Heart Disease is #1
killer of women, could a simple test be a lifesaver?
Newswise — New research
from Saint Louis University School of Medicine may give
doctors a way to predict life-threatening heart problems in
The team studied 421
diabetic women between 49 and 75 who underwent a certain
type of stress test for suspected coronary disease.
Investigators concluded that the test, known as dobutamine
stress echocardiography, provided valuable information that
could help doctors predict future fatal heart problems.
“Our research is extremely
important, because women in this age group are historically
underdiagnosed, and by detecting problems earlier, we can
help prevent heart attack or death and extend these women’s
lives,” says Melda S. Dolan, M.D., associate professor in
the division of cardiology at Saint Louis University School
Dolan will present two
papers during the annual American Heart Association meeting
in Dallas on Wednesday. Both papers explore the role of the
stress tests in detecting heart disease.
echocardiography tests are ultrasound heart scans in which
patients are injected with a drug that makes the heart beat
faster to determine if they have abnormalities of the heart
wall. No exercise is involved. Traditional echocardiography
tests are performed without the aid of drugs by having
patients run on a treadmill to increase their heart rate.
“Women with diabetes and
other clinical risk factors, such as smoking, obesity and a
family history, are more likely to have heart disease or die
from it,” says Dolan. “Dobutamine stress echo tests serve an
important role in predicting heart attacks or cardiac death
in these higher-risk women.”
After two years, the team
followed up with the patients and found that 23 had died
from cardiac events and 54 had experienced heart attack.
While history of congestive heart failure and previous heart
attacks were clinical predictors in those cases, the
dobutamine stress echo tests were also beneficial in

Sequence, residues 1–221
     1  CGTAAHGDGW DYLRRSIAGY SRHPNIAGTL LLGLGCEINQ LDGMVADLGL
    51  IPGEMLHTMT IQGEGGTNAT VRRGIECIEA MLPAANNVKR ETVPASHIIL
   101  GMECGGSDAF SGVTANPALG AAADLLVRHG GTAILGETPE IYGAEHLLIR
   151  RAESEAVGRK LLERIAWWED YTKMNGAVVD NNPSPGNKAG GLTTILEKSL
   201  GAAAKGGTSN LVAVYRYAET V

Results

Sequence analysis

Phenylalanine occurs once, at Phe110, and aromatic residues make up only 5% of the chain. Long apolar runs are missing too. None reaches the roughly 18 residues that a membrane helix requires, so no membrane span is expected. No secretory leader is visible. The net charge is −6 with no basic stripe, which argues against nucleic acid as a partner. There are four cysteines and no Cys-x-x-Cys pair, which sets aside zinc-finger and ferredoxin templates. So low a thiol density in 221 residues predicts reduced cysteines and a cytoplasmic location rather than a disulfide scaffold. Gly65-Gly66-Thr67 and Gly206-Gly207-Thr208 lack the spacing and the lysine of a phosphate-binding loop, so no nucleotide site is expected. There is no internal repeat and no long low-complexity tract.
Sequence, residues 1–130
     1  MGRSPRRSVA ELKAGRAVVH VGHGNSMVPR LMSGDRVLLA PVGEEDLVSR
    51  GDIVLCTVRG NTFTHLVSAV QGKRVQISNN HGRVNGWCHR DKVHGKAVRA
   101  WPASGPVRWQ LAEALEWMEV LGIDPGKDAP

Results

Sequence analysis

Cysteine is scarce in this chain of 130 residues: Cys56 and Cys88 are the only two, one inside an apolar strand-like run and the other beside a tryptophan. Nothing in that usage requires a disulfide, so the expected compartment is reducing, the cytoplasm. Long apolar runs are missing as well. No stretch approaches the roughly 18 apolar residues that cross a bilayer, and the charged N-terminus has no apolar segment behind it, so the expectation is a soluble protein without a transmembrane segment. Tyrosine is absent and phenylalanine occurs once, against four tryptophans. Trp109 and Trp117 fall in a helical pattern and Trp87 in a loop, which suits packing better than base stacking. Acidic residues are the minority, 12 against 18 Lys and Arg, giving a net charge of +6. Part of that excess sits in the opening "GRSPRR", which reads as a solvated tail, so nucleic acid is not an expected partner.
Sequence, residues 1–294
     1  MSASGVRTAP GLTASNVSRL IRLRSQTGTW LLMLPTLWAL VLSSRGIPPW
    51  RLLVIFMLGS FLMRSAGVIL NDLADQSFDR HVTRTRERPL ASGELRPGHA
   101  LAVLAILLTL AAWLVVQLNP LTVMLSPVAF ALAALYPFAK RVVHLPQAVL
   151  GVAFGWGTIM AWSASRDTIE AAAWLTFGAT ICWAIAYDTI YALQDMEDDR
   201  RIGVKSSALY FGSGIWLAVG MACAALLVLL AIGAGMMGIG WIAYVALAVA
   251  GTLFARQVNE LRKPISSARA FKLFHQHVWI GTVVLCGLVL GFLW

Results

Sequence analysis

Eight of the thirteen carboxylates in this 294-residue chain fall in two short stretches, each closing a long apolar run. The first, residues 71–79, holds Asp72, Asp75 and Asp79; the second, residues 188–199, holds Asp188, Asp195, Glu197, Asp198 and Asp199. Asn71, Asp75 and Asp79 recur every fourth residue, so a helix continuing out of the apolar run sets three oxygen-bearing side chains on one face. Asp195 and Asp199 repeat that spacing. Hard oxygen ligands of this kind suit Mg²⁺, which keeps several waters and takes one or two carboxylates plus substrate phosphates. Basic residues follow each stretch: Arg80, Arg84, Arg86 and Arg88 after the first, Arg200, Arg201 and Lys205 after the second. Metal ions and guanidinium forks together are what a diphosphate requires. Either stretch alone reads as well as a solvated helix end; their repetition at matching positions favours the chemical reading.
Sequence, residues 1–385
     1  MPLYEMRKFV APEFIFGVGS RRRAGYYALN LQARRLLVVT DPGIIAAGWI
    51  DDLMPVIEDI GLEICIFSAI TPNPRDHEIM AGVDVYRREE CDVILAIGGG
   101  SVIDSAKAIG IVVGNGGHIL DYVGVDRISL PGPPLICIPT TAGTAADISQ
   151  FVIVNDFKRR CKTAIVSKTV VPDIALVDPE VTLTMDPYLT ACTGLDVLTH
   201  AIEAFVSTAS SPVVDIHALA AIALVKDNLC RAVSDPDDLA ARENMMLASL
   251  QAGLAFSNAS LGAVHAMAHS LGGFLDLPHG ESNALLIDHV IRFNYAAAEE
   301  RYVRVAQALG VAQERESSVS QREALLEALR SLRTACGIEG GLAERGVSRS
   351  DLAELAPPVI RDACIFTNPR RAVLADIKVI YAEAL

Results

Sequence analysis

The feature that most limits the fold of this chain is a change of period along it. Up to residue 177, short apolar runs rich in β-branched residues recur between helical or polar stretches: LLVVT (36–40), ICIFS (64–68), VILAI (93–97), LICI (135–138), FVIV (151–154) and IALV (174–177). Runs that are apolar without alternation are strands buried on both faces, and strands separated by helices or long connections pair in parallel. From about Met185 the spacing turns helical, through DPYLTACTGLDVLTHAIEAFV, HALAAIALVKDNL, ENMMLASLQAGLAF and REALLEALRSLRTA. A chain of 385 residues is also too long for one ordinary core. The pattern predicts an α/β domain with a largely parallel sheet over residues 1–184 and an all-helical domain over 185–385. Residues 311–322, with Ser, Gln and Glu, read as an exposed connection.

predicting them, Dolan says.
“The rate at which the
patients experienced cardiac death or heart attacks was
higher in patients with positive stress tests for ischemia –
a decreased supply of blood to the heart – than in those who
had negative tests,” Dolan says.
In a second study, Dolan
and other SLU researchers studied 1,404 patients who
underwent preoperative dobutamine stress echocardiography to
determine if they had ischemia.
“In the medical community,
it is common to believe the heart rate must be at least 85
percent of the maximal heart rate,” Dolan says. “However, we
found that a negative dobutamine stress test without
abnormalities has a very strong negative predictive value –
that is, that patients test negative for ischemia – whether
the heart rate is maximal or not.”
The implications for such
results are that doctors ordering stress echocardiography
can have more confidence in tests returning negative for
ischemia than they had previously thought, effectively
broadening the parameters normally used to rule out ischemia
– meaning some patients will not have to undergo additional
heart scans to rule out the condition before they undergo
Co-authors of the studies
are Swathy Kolli, M.D.; Michelle Bierig, RDCS; Jeannette A.
St. Vrain, RDCS; Bernard Chaitman, M.D.; and Arthur Labovitz,
M.D., director of the division of cardiology at Saint Louis
University School of Medicine.
Established in 1836, Saint
Louis University School of Medicine has the distinction of
awarding the first M.D. degree west of the Mississippi
River. Saint Louis University School of Medicine is a
pioneer in geriatric medicine, organ transplantation,
chronic disease prevention, cardiovascular disease,
neurosciences and vaccine research, among others. The School
of Medicine trains physicians and biomedical scientists,
conducts medical research, and provides health services on a
local, national and international level.